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The Real Deal Los Angeles

NII could cost the city nearly $2B, says partisan report

Measure S would deprive the city of over 24,000 jobs and diminish its budget by $140 million over 2 years: Beacon Economics
By Cathaleen Chen | December 15, 2016 11:30AM

Michael Weinstein of the Aids Healthcare Foundation, the nonprofit bankrolling Measure S (Credit: Shutterstock, Getty)

The Neighborhood Integrity Initiative, now known as Measure S on the March ballot, could deprive Los Angeles of an estimated $1.9 billion in economic output, according to a new report commissioned by the policy’s opponents.

In addition to stifling economic activity, the proposed two-year moratorium on developments that require a General Plan amendment could deprive the city of over 24,000 jobs and diminish its budget by $140 million in sales and property tax over those two years, a study by Beacon Economics shows.

The consulting firm said it had generated a “conservative estimate” of the moratorium’s economic impact by analyzing 10 years of permit data on projects that required a zone change or height change as well as data on the average costs of construction based on current market trends. The report was commissioned by the Coalition to Protect L.A. Neighborhoods and Jobs, the anti-Measure S campaign.

A spokesperson for the Coalition to Preserve L.A., the group backing the initiative, was not immediately available for comment on the numbers.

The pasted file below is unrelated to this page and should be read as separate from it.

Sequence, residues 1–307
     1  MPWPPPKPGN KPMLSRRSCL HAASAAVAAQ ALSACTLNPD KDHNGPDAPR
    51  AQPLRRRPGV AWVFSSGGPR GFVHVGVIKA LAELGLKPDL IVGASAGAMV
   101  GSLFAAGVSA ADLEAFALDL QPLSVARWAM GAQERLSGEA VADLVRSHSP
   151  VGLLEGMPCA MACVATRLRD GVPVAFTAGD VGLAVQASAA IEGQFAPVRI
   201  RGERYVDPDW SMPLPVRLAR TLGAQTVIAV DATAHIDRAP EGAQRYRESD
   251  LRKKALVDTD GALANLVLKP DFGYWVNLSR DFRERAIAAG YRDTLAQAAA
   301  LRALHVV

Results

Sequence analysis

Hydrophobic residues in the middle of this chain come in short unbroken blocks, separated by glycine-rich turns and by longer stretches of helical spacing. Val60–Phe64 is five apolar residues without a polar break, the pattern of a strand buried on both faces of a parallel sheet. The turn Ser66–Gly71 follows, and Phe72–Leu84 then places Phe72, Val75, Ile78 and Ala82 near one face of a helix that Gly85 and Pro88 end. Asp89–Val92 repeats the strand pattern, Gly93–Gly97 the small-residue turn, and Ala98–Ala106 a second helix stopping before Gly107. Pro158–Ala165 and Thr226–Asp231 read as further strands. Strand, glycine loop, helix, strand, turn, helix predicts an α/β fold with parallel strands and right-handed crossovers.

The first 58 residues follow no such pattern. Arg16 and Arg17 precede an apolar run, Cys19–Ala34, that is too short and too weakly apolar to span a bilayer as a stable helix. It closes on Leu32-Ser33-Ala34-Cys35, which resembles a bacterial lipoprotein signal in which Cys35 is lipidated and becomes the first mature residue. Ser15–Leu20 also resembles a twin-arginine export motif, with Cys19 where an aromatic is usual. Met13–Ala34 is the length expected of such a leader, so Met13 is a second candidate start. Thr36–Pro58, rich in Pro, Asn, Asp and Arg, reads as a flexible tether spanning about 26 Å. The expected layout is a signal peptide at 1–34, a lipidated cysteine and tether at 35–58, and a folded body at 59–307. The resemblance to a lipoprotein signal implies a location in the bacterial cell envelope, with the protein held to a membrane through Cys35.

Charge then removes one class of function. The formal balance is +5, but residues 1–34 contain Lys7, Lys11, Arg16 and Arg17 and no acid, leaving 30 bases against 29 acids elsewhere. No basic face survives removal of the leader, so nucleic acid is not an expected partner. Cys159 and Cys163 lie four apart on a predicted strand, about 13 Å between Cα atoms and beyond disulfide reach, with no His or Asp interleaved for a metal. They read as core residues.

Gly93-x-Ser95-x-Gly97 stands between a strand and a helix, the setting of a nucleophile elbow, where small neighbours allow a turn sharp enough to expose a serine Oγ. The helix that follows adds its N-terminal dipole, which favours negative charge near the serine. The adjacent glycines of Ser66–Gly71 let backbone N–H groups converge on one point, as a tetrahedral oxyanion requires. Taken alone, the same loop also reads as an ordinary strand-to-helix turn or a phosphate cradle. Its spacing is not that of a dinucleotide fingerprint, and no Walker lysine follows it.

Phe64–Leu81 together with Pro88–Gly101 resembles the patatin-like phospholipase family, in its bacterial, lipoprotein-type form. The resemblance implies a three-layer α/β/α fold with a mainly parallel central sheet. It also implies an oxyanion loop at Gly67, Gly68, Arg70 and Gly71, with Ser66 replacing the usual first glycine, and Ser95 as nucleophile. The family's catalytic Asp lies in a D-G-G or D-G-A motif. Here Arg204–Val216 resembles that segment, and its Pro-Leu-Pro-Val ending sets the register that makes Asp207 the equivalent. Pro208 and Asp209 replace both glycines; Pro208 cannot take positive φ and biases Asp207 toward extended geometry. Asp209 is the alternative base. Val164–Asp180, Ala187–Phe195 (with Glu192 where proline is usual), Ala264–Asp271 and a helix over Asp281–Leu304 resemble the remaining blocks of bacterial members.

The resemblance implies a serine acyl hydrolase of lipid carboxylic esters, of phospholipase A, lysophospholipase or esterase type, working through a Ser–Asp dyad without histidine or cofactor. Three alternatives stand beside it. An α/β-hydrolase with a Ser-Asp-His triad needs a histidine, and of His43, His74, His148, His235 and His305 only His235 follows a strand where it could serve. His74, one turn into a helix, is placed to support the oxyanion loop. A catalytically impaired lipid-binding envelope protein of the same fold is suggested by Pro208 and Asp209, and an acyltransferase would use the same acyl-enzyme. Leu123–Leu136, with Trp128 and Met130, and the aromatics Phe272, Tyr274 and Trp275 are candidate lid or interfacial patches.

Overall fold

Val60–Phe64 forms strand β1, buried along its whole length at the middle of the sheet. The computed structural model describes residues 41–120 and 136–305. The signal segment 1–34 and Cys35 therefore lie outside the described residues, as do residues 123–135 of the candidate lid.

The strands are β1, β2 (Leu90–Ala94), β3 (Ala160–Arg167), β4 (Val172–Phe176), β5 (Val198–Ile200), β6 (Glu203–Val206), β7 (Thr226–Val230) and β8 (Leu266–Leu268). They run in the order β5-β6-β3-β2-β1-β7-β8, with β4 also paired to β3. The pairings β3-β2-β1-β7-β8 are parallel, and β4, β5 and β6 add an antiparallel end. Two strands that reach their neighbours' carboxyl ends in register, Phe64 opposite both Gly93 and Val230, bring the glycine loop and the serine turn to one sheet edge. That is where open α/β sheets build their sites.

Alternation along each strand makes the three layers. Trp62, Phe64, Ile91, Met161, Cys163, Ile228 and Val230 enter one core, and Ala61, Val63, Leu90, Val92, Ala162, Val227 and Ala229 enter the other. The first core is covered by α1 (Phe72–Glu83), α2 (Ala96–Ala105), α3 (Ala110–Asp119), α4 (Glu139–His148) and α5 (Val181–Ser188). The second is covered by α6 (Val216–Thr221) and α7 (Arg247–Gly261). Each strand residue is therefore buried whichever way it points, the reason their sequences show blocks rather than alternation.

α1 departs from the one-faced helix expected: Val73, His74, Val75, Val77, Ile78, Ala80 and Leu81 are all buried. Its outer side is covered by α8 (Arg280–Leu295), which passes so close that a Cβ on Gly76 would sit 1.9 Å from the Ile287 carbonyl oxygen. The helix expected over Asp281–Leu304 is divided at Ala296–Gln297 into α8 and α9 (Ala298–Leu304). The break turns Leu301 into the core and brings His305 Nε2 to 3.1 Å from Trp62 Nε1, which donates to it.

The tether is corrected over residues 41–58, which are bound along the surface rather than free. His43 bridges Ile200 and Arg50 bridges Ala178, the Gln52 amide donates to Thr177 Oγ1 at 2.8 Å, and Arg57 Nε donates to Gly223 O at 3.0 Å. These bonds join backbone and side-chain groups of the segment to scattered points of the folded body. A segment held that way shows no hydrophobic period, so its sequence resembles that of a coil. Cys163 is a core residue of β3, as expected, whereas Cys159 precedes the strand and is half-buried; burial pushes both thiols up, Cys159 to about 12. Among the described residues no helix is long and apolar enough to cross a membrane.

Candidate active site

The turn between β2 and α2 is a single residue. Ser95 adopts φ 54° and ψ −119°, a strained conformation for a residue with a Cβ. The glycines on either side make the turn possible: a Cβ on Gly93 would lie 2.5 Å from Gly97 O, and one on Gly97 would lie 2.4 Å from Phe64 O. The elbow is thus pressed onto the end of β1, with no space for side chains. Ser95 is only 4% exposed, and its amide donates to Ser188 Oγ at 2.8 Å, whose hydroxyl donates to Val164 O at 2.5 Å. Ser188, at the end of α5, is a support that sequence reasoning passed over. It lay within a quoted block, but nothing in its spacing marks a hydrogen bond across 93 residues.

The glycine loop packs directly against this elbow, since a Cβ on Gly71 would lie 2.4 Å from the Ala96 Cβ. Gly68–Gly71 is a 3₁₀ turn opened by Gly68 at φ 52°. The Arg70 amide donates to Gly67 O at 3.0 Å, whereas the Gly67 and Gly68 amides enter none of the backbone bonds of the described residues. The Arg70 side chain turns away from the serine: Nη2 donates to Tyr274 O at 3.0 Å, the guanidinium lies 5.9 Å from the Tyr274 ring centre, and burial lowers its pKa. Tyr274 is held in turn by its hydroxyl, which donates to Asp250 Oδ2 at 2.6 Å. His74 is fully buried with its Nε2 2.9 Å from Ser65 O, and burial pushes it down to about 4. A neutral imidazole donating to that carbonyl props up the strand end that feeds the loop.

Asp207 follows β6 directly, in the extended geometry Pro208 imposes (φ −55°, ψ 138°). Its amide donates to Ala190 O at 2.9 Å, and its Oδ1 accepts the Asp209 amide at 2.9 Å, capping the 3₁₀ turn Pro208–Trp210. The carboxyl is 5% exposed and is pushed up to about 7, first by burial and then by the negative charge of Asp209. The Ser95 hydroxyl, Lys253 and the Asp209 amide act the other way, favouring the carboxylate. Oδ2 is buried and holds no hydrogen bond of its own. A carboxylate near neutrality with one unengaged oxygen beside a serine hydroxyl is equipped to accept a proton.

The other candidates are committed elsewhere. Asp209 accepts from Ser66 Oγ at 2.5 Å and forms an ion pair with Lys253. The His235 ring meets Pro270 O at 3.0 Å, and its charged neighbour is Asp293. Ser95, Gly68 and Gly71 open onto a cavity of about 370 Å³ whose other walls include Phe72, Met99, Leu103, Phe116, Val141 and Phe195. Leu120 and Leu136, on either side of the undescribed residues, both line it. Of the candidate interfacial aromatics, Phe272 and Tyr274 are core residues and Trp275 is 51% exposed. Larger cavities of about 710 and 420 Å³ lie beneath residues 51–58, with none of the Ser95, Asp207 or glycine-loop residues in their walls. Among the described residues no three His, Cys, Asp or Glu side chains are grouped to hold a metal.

“The actual impact would probably be larger if you accounted for the recent growth in demand for housing,” Beacon founder Chris Thornberg told The Real Deal. “I’d say we have the best case scenario for losses.”

Thornburg and his colleagues found that such projects generated $7.4 billion in output for Los Angeles during the 10-year period between July 2006 and June 2016, $4.6 billion of which comprised direct spending on construction goods and services and $2.7 billion of indirect spending. During that same period, those projects examined by Beacon supported about 47,000 jobs, the majority of which were in construction.

(Credit: Beacon Economics)

In its first year, Measure S would result in the loss of 12,000 potential jobs, including 6,900 in construction, Beacon said. Those jobs represent about 15 percent of all construction employment in the city.

Such drastic job loss would lead to the stagnation of population growth in L.A. — “the scariest consequence of the measure,” Thornberg argued.

“When we’re not building housing here, the question becomes, ‘Do we want L.A. to become Country Club California?'” he added. “[Shortage] in housing is going to cause massive gentrification, and will push all the poor people out.”